Capitol Riot One Year Anniversary, How Will Congress Commemorate?


On Wednesday, January 6, 2021 exactly one year ago yesterday, marked the traumatic capitol riot in protest of the 2020 election results. 

Approximately over 2,000 supporters of former President Donald Trump stormed the U.S. Capitol building in Washington, D.C. 

The rioters attempted to disrupt a joint session of Congress, which was formalizing President Joe Biden’s triumph. President Joe Biden won the 2020 election with 306 electoral votes (51.3%) compared to former President Donald Trump receiving 232 electoral votes (46.8%). 

According to the Federal Bureau of Investigation, the violent assault was an act of domestic terrorism and left its mark on the United States democratic history. More than 700 people were charged with crimes, in which one-fourth of the defendants pleaded guilty. In addition, there was over a million dollars worth of property damage. 

140 members of law enforcement that were trying to protect the building suffered from injuries as severe as brain damage and crushed spinal discs, at the hands of the rioters carrying pepper spray, metal pipes, American Flags, and more. Ultimately almost 10 casualties resulted from this event. Congress included a moment of silence to commemorate the ones that passed away due to the attack and a vigil on their steps.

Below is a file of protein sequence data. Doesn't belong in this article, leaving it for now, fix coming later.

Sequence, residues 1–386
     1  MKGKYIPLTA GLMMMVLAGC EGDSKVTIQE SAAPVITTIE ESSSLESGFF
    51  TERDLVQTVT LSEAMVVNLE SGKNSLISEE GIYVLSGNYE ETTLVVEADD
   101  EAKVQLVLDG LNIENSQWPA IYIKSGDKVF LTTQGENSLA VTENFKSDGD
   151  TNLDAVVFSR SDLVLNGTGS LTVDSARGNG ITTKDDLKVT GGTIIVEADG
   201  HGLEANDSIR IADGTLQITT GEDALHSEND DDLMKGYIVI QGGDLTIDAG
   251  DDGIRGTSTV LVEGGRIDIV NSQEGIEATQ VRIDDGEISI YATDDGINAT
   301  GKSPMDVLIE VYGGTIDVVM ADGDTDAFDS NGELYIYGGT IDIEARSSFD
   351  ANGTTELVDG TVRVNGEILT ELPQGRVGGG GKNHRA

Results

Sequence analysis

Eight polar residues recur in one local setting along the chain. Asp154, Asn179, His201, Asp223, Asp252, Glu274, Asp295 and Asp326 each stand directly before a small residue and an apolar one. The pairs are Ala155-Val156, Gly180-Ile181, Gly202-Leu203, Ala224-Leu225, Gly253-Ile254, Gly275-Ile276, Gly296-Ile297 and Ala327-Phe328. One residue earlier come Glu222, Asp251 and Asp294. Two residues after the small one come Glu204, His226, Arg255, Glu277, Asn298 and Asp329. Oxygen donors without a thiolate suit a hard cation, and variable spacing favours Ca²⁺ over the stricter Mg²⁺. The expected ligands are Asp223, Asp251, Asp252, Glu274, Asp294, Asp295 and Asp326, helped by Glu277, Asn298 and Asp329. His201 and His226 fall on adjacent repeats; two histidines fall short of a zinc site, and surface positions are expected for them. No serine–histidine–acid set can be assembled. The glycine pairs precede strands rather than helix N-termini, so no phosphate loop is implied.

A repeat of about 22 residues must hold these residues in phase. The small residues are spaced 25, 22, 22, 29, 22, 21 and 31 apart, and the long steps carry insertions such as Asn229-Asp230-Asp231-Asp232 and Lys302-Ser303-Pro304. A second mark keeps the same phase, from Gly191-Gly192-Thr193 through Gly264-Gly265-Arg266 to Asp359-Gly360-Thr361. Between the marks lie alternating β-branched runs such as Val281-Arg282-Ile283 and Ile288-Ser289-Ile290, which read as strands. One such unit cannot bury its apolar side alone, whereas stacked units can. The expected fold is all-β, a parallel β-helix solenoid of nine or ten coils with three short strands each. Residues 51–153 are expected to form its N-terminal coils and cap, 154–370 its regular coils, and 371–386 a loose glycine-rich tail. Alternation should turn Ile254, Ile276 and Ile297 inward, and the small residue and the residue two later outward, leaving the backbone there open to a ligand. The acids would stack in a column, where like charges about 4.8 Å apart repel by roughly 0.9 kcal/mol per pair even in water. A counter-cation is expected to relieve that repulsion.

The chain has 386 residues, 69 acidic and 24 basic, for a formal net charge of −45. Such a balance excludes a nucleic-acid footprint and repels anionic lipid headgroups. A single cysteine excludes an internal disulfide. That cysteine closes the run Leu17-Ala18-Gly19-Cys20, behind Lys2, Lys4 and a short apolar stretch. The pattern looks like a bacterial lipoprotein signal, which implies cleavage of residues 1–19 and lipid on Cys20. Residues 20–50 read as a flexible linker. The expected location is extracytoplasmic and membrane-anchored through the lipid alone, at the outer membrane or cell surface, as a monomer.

Now a year later, Capitol Hill planned a full day agenda to honor the incident. They began with remarks from President Joe Biden and Vice President Kamala Harris at Statuary Hall. During his speech, Biden said that the “pain and scars” of the occurrence at the capitol a year ago still “run deep” and called Trump a “defeated former president” for condoning the attack and his false claims regarding the 2020 election. 

There was also a discussion with historians and lawmakers concerning how to honor the Capitol riot for future generations. Protest signs, posters, and banners were collected after the incident by the National Museum of American History. These damaged items from the Capitol property were given to the Justice Department for further investigation. One spokeswoman from the Architect of the Capitol that oversees the building and property, stated that once the agency is finished examining the material, that they plan to show a collection of all these artifacts when those that invaded the Capitol’s premises prosecutorial processes have concluded.